SINGAPORE — A glorious tribute and haunting elegy to shared humanity and communities of print, Pulp III: A Short Biography of the Banished Book marks the midpoint of Shubigi Rao’s evocative 10-year project, Pulp, which explores the history of book destruction and its impact on the futures of knowledge.
Taking the form of a book, film, and paper maze, this milestone exhibition created for the Singapore Pavilion explores the precarity and persistence of endangered languages, the futures of public and alternative libraries, and the cosmopolitanism of regional print communities that have blossomed and waned in historic centres of print, including Venice and Singapore. Rooted in the literary movements raised and rewritten by humankind through legendary libraries, half-truths, hearsay, and contested narratives, the presentation is a valuable lyrical manuscript that charts the breadth of human cultural endeavour.
Artist Shubigi Rao comments on the underlying ethos of Pulp III: “The stories in the Pulp project point to different forms of courage, in action, speech, in documenting and in sharing. These stories also make visible the nuanced forms of resistance in print, and of lives lived surrounded by books, of breathing air heavy with the weight of unread but priceless knowledge, of risking everything to save texts that aren’t theirs, and may never be read, but are also more than mere symbolic representations of their civilizations, or some idealistic notion of humanness. These stories embody the most powerful conviction of value beyond narrow tribalism and pecuniary pettifoggery. And every story here speaks also of the millions still unheard and unrecorded. There is redemption in the courage of others, of those who make, write, and save, and so this presentation is an acknowledgment of all the people and texts that shape while they inform, that force us to defend or relinquish positions, or envelop, enclose, and enlighten us.”
Pulp III goes beyond the documentary to formulate new strategies of resilient thought across the globe. It represents Shubigi Rao’s long-term aim to explore the moments of convergence between readers, artists, writers, printers, academics, bibliophiles, shadow library activists, librarians, and other cultural custodians, as well as various defenders and supporters of print, speech, and open access to knowledge. The resulting presentation is a powerful encapsulation of the many interconnected threads that weave together the artist’s understanding of knowledge generation, ownership, dissemination, and its ecologies that are rapidly emerging in global consciousness.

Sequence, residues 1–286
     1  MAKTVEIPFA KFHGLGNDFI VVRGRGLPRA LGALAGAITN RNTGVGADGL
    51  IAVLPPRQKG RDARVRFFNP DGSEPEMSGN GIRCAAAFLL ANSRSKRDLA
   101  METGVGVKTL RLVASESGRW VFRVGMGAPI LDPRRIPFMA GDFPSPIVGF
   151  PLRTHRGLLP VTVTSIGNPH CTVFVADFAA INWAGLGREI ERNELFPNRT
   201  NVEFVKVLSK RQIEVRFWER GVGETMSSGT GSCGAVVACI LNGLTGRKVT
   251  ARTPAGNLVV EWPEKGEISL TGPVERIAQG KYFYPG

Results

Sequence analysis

The Pavilion’s curator, Ute Meta Bauer explains: “At the kernel of this Pavilion is the question of what a history of the banished book actually means. Shubigi Rao employs the book and the moving image as formats of communication which tend to the parts in the story that have often been deliberately obscured by those in power and by the expediencies of capital. The artistic research is deeply interested in the ‘keepers’ of culture, of histories, of herstories, of identity, wherein language becomes a home and a place of retreat to protect and yet lament that which is lost. At a time where the world is experiencing great loss – not just in terms of the human lives lost to the pandemic but also the forms and ways of life lost to the climate crisis – the exhibition at the Pavilion fosters an appreciation for what it means to persist, to productively and meaningfully live together.”
Pulp III continues to connect individuals and communities across disparate regions, each navigating differing obstacles to accessing knowledge, various forms of control over media, both print and online, and issues concerning privacy, data, and access.
Rosa Daniel, Chief Executive of the NAC Singapore, said: “The return of the International Art Exhibition of La Biennale di Venezia serves as a reminder of how the arts continue to be important. Shubigi Rao’s Pulp III takes visitors on a journey through accounts from diverse communities, drawn into the kinship of those who recognise the robustness of the book as a medium, as well as its fragility. We invite people to the exhibition to engage in wholehearted conversations and explore the human stories and perspectives that connect us in meaningful and sustained ways. We also look forward to the return show in 2023 for our local community to experience and immerse in the art work.”
This year marks Singapore’s 10th participation at the Biennale Arte. It is the first time the nation has selected a solo presentation by a woman artist, and the first-ever women-led artist-curator team. The official opening of the Singapore Pavilion will be on Thursday, 21 April 2022 at the Arsenale’s Sale d’Armi. The multi-disciplinary installation will be on display on the second floor of the building from 23 April to 27 November 2022.
Join this year’s Singapore Pavilion via Facebook and Instagram (@NACSingapore), and hashtags #SingaporeInVenice #BiennaleArte2022 and #TheMilkOfDreams. More information can be found on https://www.nac.gov.sg/singapore-arts-scene/art-forms/visual-arts/singapore-pavilion-at-venice-biennale.